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Annette Walker is already one of Orange County’s most prominent business executives, with more than 30 years in the healthcare industry, including a top role at one of the area’s top healthcare systems.
Then an even bigger challenge came calling last year: building Orange County’s first dedicated cancer center, a local outpost of Duarte’s famed City of Hope.
The decision was easy for Walker, who said her plan is always to go “where you make the biggest contribution.”
Her decision could ultimately have an impact on hundreds of thousands of area residents, when factoring in cancer patients and their loved ones.
The goal of City of Hope “is to bring the best cancer care to Orange County and its 3.2 million residents, of whom one in three is likely to receive a cancer diagnosis sometime in their lives,” according to Walker.
Hiring Walker was an easy choice for City of Hope, too.
Noting her “accomplished career improving the health of communities,” City of Hope Chief Executive and President Robert Stone last year called Walker, “the obvious choice to lead this endeavor.”
“[She] knows the value of bringing technologically advanced care, physician expertise, and clinical research closer to patients, families and local employers,” he said.
Walker, who now serves as president of City of Hope Orange County, was one of five winners at the Business Journal’s 25th annual Women in Business Awards held at Hotel Irvine on May 8 (see other profiles, pages 1, 6, 8 and 10).
Walker took on her new role last May; it marked a return home of sorts.
Previously, she was president of strategy for Renton, Wash.-based Providence St. Joseph Health, which has 51 hospitals, 829 clinics and more than 119,000 caregivers across seven states in the western U.S.
While spending a fair amount of time in Washington and OC, she spearheaded the creation of Wellness Corners, a new concept that brought medical and related services to “where people live, work and play.”
She arrived in 2005 when St. Joseph “put a stake in the ground and said, ‘We see healthcare changing, and in order to really make a difference we have to get more proactive about health and wellness and get on the front end of disease development.’”
The proactive approach she undertook to bring healthcare services closer to OC’s base of patients while at her prior job earned her a Business Journal Innovator of the Year award in 2016. It also got the attention of her new employer.
City of Hope is a comprehensive cancer center, a designation awarded by the National Cancer Institute. As of 2017, there are 49 such centers in the U.S.
It is working with Irvine-based developer FivePoint Holdings LLC (NYSE: FPH) to build an estimated 70,000-square-foot center at Irvine’s Great Park Neighborhoods.
A time frame for the campus’ construction hasn’t been disclosed. In the meantime, the cancer center will open its first location in Newport Beach later this year, at a medical office next to Fashion Inland that it bought. The 12,500-square-foot facility at 1601 Avocado Ave. will be the first spoke of the main health campus planned for Irvine.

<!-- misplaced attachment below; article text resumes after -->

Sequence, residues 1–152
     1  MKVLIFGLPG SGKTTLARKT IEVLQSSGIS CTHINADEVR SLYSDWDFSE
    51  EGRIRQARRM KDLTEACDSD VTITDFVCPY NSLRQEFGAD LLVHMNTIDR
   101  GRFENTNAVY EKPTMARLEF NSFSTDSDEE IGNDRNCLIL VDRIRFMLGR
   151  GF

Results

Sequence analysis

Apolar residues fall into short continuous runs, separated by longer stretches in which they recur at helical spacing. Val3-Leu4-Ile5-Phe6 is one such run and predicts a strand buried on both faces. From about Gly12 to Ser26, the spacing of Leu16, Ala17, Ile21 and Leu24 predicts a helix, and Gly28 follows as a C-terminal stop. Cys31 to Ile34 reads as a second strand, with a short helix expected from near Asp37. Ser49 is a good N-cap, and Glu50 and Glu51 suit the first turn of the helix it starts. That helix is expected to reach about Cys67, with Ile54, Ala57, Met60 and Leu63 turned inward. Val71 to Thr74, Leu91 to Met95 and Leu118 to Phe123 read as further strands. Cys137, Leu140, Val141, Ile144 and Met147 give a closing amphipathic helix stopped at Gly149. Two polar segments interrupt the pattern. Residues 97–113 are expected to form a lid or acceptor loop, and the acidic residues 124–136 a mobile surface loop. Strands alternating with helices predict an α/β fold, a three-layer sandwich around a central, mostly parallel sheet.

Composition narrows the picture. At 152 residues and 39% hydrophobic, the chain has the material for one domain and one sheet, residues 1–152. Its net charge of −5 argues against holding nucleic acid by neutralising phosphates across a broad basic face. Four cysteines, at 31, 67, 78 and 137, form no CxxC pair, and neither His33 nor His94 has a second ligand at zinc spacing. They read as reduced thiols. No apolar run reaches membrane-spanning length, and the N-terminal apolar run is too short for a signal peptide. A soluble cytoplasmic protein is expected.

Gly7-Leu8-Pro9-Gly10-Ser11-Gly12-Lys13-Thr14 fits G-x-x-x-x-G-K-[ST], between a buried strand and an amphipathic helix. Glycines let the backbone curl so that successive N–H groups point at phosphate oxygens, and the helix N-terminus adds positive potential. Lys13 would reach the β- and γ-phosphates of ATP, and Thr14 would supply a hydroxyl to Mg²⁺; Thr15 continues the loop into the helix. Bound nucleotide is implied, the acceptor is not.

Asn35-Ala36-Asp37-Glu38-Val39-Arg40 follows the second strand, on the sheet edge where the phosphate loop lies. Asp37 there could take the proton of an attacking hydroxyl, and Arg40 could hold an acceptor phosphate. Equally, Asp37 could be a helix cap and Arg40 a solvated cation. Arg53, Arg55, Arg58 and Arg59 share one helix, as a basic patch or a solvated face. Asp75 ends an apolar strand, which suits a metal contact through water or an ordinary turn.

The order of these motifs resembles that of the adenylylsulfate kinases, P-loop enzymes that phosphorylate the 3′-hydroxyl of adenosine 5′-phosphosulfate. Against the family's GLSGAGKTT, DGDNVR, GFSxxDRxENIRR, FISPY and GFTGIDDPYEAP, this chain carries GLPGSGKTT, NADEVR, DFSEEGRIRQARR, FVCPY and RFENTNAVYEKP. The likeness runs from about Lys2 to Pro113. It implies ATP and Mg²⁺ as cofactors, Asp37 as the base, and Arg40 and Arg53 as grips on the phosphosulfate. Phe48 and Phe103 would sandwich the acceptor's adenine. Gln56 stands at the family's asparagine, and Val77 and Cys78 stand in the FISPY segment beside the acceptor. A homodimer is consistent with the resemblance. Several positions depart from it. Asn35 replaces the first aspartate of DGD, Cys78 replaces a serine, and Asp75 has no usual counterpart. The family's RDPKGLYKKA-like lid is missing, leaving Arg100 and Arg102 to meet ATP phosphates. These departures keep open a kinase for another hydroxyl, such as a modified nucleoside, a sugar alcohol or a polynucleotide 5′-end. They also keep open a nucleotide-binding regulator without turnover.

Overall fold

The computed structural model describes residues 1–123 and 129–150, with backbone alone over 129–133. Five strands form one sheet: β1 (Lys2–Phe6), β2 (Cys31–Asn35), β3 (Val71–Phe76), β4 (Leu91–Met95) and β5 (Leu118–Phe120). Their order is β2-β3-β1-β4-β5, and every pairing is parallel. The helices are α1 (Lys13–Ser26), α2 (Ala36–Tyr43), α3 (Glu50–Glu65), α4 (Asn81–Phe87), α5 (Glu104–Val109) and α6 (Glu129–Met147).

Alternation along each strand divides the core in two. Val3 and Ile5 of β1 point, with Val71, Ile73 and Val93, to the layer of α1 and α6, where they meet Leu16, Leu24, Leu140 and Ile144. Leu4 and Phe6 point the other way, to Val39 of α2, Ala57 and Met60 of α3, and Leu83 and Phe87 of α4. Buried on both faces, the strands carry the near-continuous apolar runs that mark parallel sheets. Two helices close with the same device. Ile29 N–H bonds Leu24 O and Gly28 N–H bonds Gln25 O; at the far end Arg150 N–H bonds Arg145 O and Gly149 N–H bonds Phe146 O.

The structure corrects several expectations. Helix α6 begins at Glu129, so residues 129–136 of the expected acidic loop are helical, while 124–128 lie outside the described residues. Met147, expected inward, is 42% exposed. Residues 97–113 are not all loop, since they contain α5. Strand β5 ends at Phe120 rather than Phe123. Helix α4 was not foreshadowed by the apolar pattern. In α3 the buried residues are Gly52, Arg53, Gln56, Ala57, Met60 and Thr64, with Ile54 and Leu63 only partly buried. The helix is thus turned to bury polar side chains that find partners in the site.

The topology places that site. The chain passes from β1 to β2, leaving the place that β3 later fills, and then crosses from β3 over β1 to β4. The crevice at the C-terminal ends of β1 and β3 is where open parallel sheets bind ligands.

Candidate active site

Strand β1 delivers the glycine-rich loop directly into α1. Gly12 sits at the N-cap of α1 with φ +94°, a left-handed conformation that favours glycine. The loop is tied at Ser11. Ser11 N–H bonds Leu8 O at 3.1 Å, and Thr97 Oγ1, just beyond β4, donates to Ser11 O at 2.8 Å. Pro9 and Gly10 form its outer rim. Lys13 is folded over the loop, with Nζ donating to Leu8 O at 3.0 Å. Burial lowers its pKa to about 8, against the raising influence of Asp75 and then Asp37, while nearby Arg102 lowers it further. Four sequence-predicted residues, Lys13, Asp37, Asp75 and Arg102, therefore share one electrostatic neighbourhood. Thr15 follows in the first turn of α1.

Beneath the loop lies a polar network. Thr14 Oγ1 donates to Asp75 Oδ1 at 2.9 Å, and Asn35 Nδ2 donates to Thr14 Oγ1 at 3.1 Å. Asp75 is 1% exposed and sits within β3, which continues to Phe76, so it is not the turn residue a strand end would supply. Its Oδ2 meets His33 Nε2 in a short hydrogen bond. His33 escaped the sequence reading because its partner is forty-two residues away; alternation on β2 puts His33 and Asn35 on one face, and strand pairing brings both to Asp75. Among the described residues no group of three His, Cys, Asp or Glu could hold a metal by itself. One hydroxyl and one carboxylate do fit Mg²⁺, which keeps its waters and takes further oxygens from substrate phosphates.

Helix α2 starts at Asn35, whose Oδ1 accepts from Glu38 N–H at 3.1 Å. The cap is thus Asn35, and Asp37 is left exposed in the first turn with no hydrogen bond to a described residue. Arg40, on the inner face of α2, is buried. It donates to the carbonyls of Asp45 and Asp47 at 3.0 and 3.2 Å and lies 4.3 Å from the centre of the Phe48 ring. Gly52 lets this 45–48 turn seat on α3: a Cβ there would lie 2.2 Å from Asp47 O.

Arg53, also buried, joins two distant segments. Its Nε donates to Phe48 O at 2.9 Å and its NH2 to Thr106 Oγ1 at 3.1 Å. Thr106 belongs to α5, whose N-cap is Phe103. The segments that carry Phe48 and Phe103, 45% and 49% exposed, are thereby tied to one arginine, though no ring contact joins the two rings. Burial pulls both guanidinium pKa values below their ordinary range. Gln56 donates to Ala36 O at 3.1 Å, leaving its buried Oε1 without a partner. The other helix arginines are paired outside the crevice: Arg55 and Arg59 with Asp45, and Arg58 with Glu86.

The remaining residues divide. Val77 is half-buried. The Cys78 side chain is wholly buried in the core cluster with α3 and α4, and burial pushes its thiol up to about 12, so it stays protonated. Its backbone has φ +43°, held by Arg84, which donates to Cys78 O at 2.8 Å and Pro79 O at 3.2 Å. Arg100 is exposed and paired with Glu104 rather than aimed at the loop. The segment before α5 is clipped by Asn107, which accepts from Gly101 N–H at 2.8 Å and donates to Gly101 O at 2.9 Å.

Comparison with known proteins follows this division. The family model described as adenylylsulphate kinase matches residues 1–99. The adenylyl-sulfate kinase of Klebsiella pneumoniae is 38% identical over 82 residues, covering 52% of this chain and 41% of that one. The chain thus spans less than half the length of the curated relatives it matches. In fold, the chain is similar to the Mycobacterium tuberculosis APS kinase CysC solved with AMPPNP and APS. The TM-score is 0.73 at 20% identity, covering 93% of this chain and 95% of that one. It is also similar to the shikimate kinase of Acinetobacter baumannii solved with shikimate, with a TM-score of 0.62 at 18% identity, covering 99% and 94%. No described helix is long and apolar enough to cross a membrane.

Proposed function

Walker said the center’s unique approach to care and its ability to deliver advanced technologies and the newest drugs will benefit local patients.
City of Hope has a 116-acare main campus in Duarte, and focuses on research such as how biology affects diseases like cancer, AIDS and diabetes, as well as speed up the conversion from research discoveries into cures.
Hundreds of OC patients make the trek to Duarte every day for treatment.
As in the case with the Wellness Corners, having a dedicated cancer center in OC will bring treatment closer to City of Hope’s patients, making people’s lives easier.
The Loyola Marymount University biology major, who later proceeded to complete a master’s degree in healthcare administration at the University of Minnesota, said she wanted to be in leadership early on in her career because she wanted “to impact the overall, larger structure clinicians work in.”
She has served on a wide range of boards over the past 15 years. She presently serves on the finance committee of the Diocese of Orange and the Orange County Business Council.
“I don’t feel quite right to say it’s an obligation, but it’s an obligation because people did it for me and I need to give back—it’s an inspiration for me when you really make an impact on people,” Walker said of her attempts to give back to the community.
While a strong advocate of women in business, she said it’s not gender that determines a great leader.
“Great leaders are great leaders, whether they are women or men,” she said.
Walker has 12 grandchildren and said she balances family and work with a motto of embracing “yes.”
“I have a personal philosophy that God wants to bless us to an extraordinary level, and all you have to do is say ‘yes,’” she said. “I think sometimes we put restriction on our own abundance and saying that it’s not possible.”
She enjoys walking and hiking. Last year, she and her husband, Chuck, walked the Camino de Santiago, a 500-mile trip across northern Spain.
“The most important decision in your life, if you are going to have a family, is who your partner is and how your partner sees things, sees life,” Walker said.
“They say ‘Behind every successful man there is a woman,’” she quipped at the award ceremony before noting that the man behind her success “is my husband.”
She added that the couple, who have six children, recently celebrated their 39th wedding anniversary.